When, in 1859, Gounod’s Faust premiered in Paris, it got an icy cold reception. In fact, shocking as it may sound to anyone even slightly familiar with this opera’s glorious arias, breathtaking duets and melodious ensembles, it got rejected by Paris Opera on the grounds of not being sufficiently “showy”. Of course, one may only wonder what it was that the mid-1800s audience expected to see, but was not shown in the opera’s original production.

Directed and designed by Bernard Uzan, the ultra-modern production of Faust that opened in the Lyric Opera Baltimore Friday night could hardly be accused of not being sufficiently showy. Besides refined vocalism of the well-matched leads, majestic choral scenes and well-choreographed dances, it was served with a fair share of bold theatricality. Even though at times it looked like Uzan had grown a little too fond of using projected images, his Faust was, no doubt, a true visual splurge.

If any opera can definitely benefit from a clever modern treatment, it has to be this one. The battle between Good and Evil is eternal; however, more than ever before, the world today spins around the omnipresent and powerful Devil.

Having set his Faust in the year 2012, in a place called “here”, Uzan intentionally took us through a gallery of places that we all attend for pleasure or necessity. A night club, a flower shop, a church and a hospital have but one thing in common: they are public places that gather crowds. And crowds are just what the Devil wants in order to prosper, since every crowd is in need of a leader.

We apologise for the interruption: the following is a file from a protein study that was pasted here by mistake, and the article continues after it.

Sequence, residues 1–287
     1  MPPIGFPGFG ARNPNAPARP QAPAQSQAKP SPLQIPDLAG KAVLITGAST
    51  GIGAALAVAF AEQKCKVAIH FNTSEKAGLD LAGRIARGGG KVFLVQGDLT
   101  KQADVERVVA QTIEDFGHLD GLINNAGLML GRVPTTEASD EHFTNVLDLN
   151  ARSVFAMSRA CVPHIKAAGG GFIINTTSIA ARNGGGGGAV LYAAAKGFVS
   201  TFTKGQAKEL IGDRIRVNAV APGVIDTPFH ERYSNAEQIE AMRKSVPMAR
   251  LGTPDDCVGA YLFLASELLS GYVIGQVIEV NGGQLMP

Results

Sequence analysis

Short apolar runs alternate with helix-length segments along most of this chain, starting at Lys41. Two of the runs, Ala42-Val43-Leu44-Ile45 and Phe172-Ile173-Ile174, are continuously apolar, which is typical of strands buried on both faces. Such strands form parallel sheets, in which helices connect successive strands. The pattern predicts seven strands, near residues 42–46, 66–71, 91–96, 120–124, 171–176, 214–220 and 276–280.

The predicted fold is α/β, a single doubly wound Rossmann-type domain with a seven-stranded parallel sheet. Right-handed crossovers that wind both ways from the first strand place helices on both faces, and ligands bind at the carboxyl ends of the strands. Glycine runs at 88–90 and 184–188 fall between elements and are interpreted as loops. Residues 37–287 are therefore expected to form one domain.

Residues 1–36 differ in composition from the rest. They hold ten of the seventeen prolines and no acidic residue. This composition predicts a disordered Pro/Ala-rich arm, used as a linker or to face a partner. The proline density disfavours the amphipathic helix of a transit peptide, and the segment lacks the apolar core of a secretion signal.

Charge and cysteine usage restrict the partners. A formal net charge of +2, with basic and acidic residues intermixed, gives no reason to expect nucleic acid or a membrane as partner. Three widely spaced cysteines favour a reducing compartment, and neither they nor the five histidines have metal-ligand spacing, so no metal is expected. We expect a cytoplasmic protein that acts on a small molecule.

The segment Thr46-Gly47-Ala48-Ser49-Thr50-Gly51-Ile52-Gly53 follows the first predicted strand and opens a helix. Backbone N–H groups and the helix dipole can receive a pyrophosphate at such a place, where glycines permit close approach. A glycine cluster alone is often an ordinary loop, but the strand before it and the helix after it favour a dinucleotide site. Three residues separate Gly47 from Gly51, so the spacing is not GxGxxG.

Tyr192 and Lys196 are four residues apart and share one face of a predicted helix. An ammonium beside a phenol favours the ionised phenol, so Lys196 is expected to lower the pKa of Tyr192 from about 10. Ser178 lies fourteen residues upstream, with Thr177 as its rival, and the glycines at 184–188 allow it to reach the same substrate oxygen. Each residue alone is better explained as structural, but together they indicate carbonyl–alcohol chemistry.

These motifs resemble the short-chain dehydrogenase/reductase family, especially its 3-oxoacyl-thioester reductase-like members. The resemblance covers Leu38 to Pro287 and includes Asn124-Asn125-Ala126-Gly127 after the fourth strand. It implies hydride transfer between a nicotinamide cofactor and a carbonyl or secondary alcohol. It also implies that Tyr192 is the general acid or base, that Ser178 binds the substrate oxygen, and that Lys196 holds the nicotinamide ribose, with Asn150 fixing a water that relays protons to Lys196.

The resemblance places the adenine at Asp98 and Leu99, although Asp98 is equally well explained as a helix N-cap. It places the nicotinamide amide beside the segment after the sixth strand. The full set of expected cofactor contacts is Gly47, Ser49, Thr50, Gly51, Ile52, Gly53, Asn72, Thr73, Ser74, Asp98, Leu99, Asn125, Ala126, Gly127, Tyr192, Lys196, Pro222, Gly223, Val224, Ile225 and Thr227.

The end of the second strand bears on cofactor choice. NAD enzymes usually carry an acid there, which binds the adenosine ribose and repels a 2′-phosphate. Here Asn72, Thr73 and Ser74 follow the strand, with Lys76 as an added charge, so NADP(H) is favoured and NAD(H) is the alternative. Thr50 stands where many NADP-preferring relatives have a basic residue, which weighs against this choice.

Masterfully portrayed by bass-baritone Christopher Irmiter, Mephistopheles was the loudest guy in the bar, buying drinks for everyone and tossing money into the excited crowd. Mephistopheles was the priest in the church, holding Marguerite’s baby while she prayed. Mephistopheles was a doctor in the mental ward, “helping” his poor victim in her grip of insanity. Mephistopheles was the crowd leader, who transformed Marguerite’s boutique into a mausoleum, the church into a black mass sanctuary and the hospital into a morgue. However, nothing in Uzan’s production was more convincing than a terrifying sight of the guilt-stricken Faust and insane Marguerite, whose souls became the victims of the Devil’s destructive power.

Internationally renowned tenor Bryan Hymel portrayed a true romantic hero, sincere in his promises, pure in his heart and vulnerable before Evil. The noble pathos with which he shaped his phrases worked its magic to mesmeric effect. The remarkable ease, vocal security and virtuosity of a great classical master filled his performance with both luminous lyricism and shades of dramatic darkness. His pure tone and seemingly endless breath allowed the artist to luxuriate in every soaring note of his showcase aria “Salut, demeure chaste et pure”, turning it into a real showstopper.

Hymel’s partner, soprano Stefania Dovhan, came across as a very convincing Marguerite. Even though her Jewel Song lacked flair and tonal variety, as the opera progressed the artist gained vocal expressiveness and the dramatic force of a keen actress. The true vocal triumph of the evening belonged to Hymel and Dovhan’s final duet “Oui, c’est toi que j’aime”, in which the two voices blended in a rare vocal harmony, emphasizing the spiritual closeness of the two characters, as well as their unity before Evil.

After the production, I had questions. What if Uzan’s production (with just a few fashion adjustments) had been shown in Paris Opera back in 1859? What if, rather than a horned figure in red, the 19th-century audience saw a priest or a doctor, only to realize that the Devil is looking at us through the eyes of those we trust most? Finally, if the Devil is as powerful and omnipresent as Uzan’s production claims, are we all doomed, or is there still hope for salvation?